Mandatory arbitration clauses in employment agreements are the subject of a fair amount of controversy. While arbitration is a cost-effective method for the employer to resolve disputes, employees often have little choice as to whether to sign such agreements. Recent cases in California have found certain types of mandatory arbitration clauses in employment contracts to be unconscionable. This Note examines the larger problem of mandatory arbitration in employment agreements, and assesses various potential solutions to the problem. More specifically, it evaluates the unconscionability remedy that has been crafted by the California courts, and contrasts this remedy with the arbitration jurisprudence that has been developed by the United States Supreme Court. Finally, this Note argues that the California state remedy is inconsistent with federal jurisprudence.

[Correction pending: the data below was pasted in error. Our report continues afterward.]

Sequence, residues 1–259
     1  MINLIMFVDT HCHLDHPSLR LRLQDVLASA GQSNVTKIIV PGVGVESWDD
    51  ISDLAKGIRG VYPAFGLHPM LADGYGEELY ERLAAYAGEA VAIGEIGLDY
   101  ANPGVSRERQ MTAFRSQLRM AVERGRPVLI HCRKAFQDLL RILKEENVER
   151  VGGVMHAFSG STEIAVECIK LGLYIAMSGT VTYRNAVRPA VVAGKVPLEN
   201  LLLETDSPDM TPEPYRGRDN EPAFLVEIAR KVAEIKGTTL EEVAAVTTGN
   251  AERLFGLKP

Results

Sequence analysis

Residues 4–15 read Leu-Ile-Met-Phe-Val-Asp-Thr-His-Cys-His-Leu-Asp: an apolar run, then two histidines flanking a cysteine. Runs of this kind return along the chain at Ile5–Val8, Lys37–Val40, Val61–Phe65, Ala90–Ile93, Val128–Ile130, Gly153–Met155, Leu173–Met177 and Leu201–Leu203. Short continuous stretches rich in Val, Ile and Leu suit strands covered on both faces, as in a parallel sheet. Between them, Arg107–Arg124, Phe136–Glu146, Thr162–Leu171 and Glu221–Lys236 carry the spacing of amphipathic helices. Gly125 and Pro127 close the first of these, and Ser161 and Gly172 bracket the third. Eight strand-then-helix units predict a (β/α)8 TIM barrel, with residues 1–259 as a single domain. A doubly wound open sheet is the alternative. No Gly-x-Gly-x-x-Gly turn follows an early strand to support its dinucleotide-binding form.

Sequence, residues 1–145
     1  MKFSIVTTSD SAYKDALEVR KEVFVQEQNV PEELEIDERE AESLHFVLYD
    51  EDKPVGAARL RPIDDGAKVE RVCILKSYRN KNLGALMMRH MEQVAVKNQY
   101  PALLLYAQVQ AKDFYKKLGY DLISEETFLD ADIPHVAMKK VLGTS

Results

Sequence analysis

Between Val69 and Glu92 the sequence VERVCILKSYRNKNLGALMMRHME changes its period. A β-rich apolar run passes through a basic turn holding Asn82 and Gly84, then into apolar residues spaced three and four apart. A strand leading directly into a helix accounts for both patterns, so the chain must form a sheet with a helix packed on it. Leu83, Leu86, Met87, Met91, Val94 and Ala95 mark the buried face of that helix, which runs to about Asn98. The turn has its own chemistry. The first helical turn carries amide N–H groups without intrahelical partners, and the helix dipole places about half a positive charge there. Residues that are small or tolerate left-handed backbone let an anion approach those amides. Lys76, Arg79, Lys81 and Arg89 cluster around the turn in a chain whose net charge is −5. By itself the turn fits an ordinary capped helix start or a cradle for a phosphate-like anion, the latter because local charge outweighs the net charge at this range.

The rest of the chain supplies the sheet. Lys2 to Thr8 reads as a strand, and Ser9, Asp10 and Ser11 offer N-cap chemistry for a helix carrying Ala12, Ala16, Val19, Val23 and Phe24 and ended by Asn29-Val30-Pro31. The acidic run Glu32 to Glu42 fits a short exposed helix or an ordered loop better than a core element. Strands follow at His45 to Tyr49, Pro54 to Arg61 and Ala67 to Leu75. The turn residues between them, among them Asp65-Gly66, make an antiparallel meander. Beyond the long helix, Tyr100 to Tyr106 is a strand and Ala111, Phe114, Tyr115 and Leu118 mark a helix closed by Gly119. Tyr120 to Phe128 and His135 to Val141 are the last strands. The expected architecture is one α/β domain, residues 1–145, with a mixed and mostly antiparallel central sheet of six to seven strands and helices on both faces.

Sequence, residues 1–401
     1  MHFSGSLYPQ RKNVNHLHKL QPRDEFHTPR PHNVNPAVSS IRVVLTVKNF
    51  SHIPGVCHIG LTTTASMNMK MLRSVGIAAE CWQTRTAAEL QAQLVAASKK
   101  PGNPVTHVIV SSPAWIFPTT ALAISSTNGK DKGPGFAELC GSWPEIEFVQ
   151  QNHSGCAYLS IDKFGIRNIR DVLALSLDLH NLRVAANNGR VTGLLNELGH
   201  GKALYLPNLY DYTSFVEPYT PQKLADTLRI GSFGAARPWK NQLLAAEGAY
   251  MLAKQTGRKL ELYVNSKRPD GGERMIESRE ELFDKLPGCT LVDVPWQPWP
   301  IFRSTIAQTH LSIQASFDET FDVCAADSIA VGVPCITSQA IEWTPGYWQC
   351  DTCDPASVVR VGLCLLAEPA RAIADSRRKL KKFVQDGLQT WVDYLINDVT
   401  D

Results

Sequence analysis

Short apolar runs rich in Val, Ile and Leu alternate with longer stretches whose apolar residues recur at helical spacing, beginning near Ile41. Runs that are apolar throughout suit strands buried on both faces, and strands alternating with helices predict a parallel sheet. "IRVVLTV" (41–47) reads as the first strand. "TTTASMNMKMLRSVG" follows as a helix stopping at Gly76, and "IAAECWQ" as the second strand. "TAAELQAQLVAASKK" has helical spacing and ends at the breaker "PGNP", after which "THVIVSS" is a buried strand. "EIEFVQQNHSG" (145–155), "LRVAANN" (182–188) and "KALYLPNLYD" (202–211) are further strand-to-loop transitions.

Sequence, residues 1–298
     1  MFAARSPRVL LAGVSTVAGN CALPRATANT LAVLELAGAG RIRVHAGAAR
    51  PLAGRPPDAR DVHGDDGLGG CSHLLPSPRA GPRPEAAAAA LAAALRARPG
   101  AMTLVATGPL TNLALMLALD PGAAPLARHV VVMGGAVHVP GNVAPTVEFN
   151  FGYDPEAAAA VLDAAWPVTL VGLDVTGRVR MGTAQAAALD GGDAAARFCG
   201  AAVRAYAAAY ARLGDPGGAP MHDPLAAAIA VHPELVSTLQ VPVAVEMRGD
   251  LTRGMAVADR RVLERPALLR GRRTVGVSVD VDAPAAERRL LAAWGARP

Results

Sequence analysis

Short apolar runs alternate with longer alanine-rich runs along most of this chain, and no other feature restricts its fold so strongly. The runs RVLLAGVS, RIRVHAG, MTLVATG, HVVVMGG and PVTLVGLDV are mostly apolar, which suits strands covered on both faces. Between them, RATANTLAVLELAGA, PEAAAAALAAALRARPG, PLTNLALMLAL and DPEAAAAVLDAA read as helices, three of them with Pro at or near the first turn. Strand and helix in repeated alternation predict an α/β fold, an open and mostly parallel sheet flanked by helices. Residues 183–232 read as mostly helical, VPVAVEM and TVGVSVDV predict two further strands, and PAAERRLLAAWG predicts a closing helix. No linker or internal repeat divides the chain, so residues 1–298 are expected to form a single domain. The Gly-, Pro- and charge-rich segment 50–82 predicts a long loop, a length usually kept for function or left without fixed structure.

A Cold Night: Unconscionability as a Defense to Mandatory Arbitration Clauses in Employment Agreements,
55 Hastings L.J. 987
Available at: https://repository.uchastings.edu/hastings_law_journal/vol55/iss4/5